Friday, February 03, 2012

An Experiment with Google Services & Page Speed

When building eCommerce sites, we deal a lot with performance.  Not just ensuring that our sites respond quickly, but also working with customers to explain what makes up the overall performance characteristics of a site, and what might be impacting theirs.  Unfortunately, performance tends to be misunderstood among both technical and non-technical persons.  Frequently we receive reports about “slow sites” with customers assuming the problem lies within our services and obviously looking for a solution.  In most cases, the slow-downs on the sites actually tend to come from external factors like 3rd party scripts, yet it seems like every service out there wants you to drop one of their tracking scripts on your page.

There are now a number of tools on the market which aim to give a single score metric indicating the performance of your site, the most commonly used one seems to be Google Page Speed. 

I decided to run a little experiment to see how adding Google services to a page affected both performance and Page Speed scores.

First, my setup:

  • Firefox 10.0 with Firebug 1.8.4
  • Files hosted at same datacenter facility as our eCommerce sites (not locally)
  • 100mbit internet connection at testing location
  • CPU is a Xeon X5550, 18GB RAM, 2x SAS 15K drives in RAID-0 (workstation performance definitely isn’t going to be the bottleneck here!)

To start, I created a plain-old XHTML 1.0 Transitional page with 10 paragraphs of Lorem Ipsum text. I then added Google Services to the page one at a time, starting with Google Analytics (the most commonly included script I could think of).  For each page, I reloaded it with CTRL-F5 in order to ensure I did not use any cached resources.  GZIP was disabled on the server hosting the HTML pages to ensure the compression times did not affect time-to-first-byte (TTFB).

The pages I tested with can be found at the following links:

The results are interesting to say the least:

Test Description On-Load Time (ms) Size (KB) # Requests Page Speed Score
1 Plain-old HTML 82 7.2 1 92
2 Added Google Analytics 287 20.8 3 93
3 Added AdWords Conversion Tracking 366 23.7 6 92
4 Added Google Plus button 830 126.2 12 94
5 Added embedded Google Maps 6130 414.9 35 94

The most interesting part was that the more services I added and the slower the site performed, the better the Page Speed score got!  In fact, the end result was a page with a load time 75x slower than the original, 57x larger and with 35x the number of requests yet the Page Speed Score increased by 2 over the original.

It just goes to show that you cannot base your analysis of a site solely on a single tool.  Your site might have a Page Speed score of 94, but an on-load time of 6.1sec is obviously going to be perceived as very slow to users.   And don’t even get me started about Google Webmaster Tools!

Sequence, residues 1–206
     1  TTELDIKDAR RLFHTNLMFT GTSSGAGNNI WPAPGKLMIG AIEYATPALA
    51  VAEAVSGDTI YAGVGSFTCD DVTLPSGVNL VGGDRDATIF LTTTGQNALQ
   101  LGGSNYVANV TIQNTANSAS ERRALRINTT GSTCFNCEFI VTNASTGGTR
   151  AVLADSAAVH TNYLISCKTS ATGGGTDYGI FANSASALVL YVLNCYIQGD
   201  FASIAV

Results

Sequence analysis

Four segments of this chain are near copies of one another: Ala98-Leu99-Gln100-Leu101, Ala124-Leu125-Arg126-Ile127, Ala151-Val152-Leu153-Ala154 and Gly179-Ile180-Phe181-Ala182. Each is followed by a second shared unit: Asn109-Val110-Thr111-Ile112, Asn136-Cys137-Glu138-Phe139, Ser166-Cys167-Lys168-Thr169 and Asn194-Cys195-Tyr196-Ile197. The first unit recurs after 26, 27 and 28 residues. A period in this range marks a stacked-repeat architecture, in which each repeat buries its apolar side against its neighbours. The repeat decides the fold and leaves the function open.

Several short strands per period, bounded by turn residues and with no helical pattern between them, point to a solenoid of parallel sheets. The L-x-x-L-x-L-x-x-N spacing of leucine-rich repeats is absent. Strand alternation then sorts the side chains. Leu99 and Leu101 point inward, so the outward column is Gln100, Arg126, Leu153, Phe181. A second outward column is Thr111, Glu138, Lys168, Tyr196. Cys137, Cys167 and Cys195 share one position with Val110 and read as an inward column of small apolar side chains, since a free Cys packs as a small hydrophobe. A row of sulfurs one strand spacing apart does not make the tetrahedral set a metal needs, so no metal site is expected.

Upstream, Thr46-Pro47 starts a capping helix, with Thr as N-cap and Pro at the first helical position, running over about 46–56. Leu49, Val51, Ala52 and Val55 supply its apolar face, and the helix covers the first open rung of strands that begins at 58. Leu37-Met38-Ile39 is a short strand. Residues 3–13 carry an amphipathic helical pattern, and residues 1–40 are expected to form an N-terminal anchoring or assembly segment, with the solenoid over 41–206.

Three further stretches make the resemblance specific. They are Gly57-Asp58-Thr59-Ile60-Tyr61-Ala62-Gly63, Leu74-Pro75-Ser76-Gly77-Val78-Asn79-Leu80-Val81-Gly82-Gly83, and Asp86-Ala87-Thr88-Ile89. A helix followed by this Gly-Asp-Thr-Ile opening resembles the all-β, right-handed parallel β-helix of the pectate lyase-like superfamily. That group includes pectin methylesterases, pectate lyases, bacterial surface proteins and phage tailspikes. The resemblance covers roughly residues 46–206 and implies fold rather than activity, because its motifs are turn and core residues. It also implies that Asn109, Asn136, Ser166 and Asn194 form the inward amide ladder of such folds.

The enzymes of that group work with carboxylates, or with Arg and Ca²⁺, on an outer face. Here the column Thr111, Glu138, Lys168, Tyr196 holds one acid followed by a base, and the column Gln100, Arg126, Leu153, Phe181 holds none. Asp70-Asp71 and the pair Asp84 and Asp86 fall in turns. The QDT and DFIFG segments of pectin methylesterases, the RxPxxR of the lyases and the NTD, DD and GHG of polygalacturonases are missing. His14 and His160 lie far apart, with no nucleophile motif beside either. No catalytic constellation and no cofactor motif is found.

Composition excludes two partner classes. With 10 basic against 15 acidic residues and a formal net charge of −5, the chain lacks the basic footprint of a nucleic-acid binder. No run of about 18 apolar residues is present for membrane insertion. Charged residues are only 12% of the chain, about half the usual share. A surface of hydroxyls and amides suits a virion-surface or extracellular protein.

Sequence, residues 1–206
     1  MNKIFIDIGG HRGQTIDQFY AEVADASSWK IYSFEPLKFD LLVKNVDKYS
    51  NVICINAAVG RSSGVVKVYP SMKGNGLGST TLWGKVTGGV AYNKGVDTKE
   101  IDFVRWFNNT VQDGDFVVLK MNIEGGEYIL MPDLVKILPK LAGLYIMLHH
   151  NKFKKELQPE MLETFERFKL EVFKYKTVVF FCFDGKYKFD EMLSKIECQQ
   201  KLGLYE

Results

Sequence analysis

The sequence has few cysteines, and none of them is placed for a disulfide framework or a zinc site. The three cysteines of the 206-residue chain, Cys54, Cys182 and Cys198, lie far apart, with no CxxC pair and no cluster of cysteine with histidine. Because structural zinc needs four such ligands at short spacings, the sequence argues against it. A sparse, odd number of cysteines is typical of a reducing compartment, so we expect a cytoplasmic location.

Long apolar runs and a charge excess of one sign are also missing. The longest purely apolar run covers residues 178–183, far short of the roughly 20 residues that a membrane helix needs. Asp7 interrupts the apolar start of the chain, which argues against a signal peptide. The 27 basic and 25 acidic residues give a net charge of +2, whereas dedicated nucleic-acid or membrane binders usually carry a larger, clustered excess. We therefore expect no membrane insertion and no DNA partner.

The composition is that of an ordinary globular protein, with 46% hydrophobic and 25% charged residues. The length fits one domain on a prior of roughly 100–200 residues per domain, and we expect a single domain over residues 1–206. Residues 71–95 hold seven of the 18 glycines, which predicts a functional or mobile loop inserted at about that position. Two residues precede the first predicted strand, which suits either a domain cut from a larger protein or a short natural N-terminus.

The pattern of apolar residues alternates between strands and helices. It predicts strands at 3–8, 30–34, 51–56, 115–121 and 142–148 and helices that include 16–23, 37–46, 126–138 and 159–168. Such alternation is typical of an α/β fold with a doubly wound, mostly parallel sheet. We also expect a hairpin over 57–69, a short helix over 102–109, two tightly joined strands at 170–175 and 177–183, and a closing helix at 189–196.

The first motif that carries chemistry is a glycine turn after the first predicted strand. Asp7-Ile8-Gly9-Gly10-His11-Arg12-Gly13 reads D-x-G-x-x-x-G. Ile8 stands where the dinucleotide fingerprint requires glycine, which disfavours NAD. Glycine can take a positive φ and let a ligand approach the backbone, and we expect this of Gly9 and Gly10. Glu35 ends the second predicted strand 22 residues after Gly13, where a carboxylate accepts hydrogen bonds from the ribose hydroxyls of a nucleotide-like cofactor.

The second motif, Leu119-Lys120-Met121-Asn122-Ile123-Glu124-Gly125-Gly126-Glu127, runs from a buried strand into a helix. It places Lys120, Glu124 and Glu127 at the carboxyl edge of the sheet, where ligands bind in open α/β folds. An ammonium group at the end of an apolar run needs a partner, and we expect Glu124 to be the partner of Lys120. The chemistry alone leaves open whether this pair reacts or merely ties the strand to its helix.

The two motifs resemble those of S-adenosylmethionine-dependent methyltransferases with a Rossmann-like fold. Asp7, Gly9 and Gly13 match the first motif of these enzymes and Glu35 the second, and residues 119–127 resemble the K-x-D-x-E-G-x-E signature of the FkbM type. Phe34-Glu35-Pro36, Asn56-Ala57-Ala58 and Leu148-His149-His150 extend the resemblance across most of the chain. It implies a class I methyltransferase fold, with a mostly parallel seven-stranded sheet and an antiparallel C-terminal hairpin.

Friday, April 23, 2010

ScottGu’s Color Scheme for Visual Studio 2010

ScottGu was nice enough to provide the world with his awesome Visual Studio 2008 color scheme.  I’ve been using this for many years now and I highly recommend it – after years of working on a dark background, I find a white coding background to be harsh and straining.

Visual Studio 2010 introduces some new syntax coloring options, and when importing a VS2008 settings file, will resort to defaults for these values.  The result is a pretty ugly editor when used with this color scheme.

Lucky for you, I’ve taken the time to update the file.  Download the VS2010 ScottGu Color Scheme.

Monday, December 07, 2009

Moving the C:\WINDOWS\INSTALLER Directory

Often servers or workstations will run low of disk space on the system partition.  This is especially true I’ve found with older Dell servers that shipped with a 12GB system partition.

The c:\windows\installer directory often occupies several gigabytes of storage.

While Windows does not provide a mechanism to re-point this directory via the registry, you can use NTFS junctions/reparse points to re-point the directory to a different local volume.  Re-pointing to UNC paths is not supported.

  1. Obtain junction.exe from

    I found it handy to add the executable to c:\windows\system32 for easy access

  2. Create the destination Installer folder on the new volume (ie: D:\Installer)

  3. Move all content from c:\windows\installer to your new directory

  4. Make sure to close any explorer windows with these folders opened.  Junction.exe requires that there are no open file handles to these directories

  5. Create the junction

    junction.exe c:\windows\installer d:\installer

Monday, November 30, 2009

Blackberry Enterprise Server - “The personal redirection folders are unavailable”

After upgrading our corporate Blackberry Enterprise Server (BES) from 5.0 to 5.0SP1, all of our users started complaining that most if not all of their contacts were now missing.

From the Web Desktop Manager, and choosing the “Redirection Folders” section (where you configure which folders are redirected), the following error message was displayed at the top.

The personal redirection folders are unavailable. Contact your system administrator.

Great, they want me to contact myself.  Typical.

The Desktop Manager did not show any errors but also would not allow me to select any folders or my default private contact folder.

A glance through some of the BES logs showed messages like:

javax.ejb.EJBTransactionRolledbackException: org.hibernate.exception.SQLGrammarException: could not insert: [com.rim.bes.basplugin.synchronization.entity.SyncFolderListEntity]

[org.hibernate.util.JDBCExceptionReporter] [ERROR] Cannot insert duplicate key row in object 'dbo.SyncFolderList' with unique index 'IX_SyncFolderList_GUIDLoc'.